Paul Ryan bids to keep Speaker’s gavel as Republican race starts to heat up

By Jordan Press, CNN Justice Correspondent

Paul Ryan has launched his bid to keep the Speaker’s gavel, and his likely election by the Republican conference Saturday is sparking a race among candidates for second in line to the post, according to a senior Republican.

As he launched his campaign Saturday evening, Ryan told reporters that “there are people who would like to see this job in different circumstances.” He then quickly added, “We have a good conference and a good group of folks that are working through this.”

One insider has told CNN that Ryan had started to weed through potential candidates to take his place, a process accelerated by his decision to step down after January 2019. That move has encouraged other, younger lawmakers in the conference to step forward, according to another Republican familiar with the election.

“We are prepared to have people step forward in any number of combinations, just to make sure we have a good, thoughtful, competitive Speaker’s race,” the Republican said.

If Ryan vacates the Speaker’s gavel, Rep. Kevin McCarthy would be the House Republican Conference’s designated successor. McCarthy, the California Republican who’s served as the Majority Leader since 2015, had been considered the heavy favorite for speaker before Donald Trump’s surprise presidential victory in 2016, in which McCarthy failed to earn the GOP presidential nomination.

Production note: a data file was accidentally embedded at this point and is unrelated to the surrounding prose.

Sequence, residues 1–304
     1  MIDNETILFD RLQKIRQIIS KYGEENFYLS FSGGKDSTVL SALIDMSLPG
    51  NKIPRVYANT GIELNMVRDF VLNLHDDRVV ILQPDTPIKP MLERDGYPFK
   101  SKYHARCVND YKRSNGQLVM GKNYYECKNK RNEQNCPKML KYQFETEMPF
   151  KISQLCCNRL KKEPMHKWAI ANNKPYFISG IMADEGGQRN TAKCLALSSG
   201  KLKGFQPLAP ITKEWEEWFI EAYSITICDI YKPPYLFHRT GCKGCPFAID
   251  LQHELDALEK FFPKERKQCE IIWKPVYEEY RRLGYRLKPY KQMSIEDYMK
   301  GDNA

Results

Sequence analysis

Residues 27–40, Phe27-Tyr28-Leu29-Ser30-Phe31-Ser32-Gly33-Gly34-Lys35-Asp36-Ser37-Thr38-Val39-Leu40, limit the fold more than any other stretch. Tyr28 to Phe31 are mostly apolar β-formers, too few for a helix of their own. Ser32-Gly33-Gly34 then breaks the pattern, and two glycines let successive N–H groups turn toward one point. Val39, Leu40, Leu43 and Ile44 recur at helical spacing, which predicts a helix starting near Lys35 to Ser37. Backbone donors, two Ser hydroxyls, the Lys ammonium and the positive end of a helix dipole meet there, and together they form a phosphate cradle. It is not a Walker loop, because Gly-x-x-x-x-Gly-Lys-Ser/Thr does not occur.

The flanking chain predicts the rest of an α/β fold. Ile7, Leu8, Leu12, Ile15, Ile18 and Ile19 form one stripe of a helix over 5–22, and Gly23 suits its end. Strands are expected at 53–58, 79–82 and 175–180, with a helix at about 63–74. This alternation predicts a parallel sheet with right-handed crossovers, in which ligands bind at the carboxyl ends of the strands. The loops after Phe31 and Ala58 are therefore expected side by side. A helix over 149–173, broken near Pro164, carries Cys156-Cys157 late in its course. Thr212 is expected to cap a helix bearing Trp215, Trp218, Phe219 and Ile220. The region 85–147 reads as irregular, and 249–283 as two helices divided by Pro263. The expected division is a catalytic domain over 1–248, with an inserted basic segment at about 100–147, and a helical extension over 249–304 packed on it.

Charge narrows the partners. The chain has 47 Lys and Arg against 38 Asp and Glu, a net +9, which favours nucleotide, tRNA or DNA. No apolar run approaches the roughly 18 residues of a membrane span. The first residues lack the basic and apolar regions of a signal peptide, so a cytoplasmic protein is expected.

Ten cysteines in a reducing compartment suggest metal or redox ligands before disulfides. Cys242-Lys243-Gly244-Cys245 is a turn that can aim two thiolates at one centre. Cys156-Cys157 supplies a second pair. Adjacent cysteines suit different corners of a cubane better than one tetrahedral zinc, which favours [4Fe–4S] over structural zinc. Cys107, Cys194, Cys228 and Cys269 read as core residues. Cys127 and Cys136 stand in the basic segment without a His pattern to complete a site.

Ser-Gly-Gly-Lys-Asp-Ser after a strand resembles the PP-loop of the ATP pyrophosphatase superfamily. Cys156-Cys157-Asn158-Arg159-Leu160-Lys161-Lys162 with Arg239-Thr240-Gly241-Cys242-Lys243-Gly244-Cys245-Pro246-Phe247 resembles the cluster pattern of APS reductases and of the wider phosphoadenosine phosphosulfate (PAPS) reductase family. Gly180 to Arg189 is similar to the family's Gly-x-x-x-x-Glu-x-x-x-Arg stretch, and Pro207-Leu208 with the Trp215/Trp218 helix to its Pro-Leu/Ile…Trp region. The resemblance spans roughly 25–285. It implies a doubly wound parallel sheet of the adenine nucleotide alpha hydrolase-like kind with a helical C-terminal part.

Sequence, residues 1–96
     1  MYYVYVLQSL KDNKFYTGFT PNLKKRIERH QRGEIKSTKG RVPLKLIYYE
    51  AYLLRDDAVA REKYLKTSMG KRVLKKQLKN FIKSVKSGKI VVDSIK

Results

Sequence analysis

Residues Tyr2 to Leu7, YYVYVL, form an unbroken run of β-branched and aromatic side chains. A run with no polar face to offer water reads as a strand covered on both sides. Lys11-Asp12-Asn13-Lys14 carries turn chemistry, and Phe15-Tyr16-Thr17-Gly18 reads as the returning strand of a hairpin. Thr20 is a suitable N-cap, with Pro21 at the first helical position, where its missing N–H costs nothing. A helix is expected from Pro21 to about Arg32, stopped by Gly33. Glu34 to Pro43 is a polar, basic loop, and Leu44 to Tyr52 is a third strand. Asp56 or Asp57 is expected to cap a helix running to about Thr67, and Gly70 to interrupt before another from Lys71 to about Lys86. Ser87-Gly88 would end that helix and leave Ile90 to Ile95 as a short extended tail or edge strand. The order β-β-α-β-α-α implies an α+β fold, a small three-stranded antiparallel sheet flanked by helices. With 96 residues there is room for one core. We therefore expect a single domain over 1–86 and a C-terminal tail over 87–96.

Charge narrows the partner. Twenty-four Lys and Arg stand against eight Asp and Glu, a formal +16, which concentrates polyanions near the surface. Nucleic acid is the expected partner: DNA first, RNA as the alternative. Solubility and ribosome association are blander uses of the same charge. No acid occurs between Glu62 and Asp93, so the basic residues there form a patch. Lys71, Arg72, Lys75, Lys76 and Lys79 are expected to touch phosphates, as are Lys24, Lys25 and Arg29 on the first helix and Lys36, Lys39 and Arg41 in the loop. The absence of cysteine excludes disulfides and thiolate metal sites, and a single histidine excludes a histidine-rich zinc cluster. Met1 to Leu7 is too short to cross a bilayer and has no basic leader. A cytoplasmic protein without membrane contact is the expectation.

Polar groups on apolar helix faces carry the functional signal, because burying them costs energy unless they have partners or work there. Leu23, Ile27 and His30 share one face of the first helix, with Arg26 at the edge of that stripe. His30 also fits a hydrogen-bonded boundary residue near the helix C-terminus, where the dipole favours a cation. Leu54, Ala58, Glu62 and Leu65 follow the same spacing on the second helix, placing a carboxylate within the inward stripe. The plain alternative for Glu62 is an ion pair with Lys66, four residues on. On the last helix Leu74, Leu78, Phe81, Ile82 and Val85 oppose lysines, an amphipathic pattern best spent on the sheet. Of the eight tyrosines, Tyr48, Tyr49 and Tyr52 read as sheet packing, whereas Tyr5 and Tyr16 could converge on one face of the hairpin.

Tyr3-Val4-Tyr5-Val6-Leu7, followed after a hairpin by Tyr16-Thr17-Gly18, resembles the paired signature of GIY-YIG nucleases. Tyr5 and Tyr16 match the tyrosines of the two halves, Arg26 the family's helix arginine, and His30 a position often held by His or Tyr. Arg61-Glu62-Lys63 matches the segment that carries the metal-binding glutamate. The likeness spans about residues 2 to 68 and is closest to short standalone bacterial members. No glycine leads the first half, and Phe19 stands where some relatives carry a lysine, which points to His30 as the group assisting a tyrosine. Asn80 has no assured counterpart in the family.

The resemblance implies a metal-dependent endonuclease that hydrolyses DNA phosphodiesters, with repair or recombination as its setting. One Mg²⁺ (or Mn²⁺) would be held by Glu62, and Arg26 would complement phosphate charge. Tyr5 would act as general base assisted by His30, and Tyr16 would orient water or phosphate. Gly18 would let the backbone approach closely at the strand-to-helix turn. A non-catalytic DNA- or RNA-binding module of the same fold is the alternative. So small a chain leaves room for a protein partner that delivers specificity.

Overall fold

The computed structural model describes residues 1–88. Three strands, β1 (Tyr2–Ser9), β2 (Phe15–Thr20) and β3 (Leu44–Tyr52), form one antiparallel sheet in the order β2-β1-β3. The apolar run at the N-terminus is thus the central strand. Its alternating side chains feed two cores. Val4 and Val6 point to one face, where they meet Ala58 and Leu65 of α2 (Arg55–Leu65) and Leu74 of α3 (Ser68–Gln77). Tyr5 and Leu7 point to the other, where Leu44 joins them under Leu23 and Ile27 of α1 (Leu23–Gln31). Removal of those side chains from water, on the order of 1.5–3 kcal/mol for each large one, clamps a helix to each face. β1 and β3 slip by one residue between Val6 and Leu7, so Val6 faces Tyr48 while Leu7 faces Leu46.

Trump has made it clear that he wants McCarthy to succeed Ryan, telling the Washington Post earlier this month that “I really like Kevin McCarthy. … I think Kevin would be terrific. He really likes me. He’s a real friend of mine.”

The speculation about McCarthy’s likely ascension comes as the possibility of impeachment proceedings against special counsel Robert Mueller loom, along with the ongoing investigation into possible connections between Trump associates and Russia.

The Justice Department on Friday reportedly issued a “draft” proposal to Congress for a policy to protect Mueller, although CNN and other news outlets have reported in recent weeks that the department has been writing such a policy since at least the spring of 2017.

Also on Friday, CNN reported that a senior White House official said that as Mueller’s investigation continues and Trump has accused the Justice Department and FBI of showing bias against him, he could consider taking steps to end the Mueller probe. It wasn’t clear what steps Trump could take, but it marked a potential increase in the president’s tough rhetoric.

House Republicans are also bracing for Mueller’s report, which is due to Congress by the end of March.

“I don’t know how soon a report might be, but at some point we will have a report,” the Republican said, as well as a classified briefing on the matter. “All of these things put together, you begin to see people begin to sort of think about their own prospects.”

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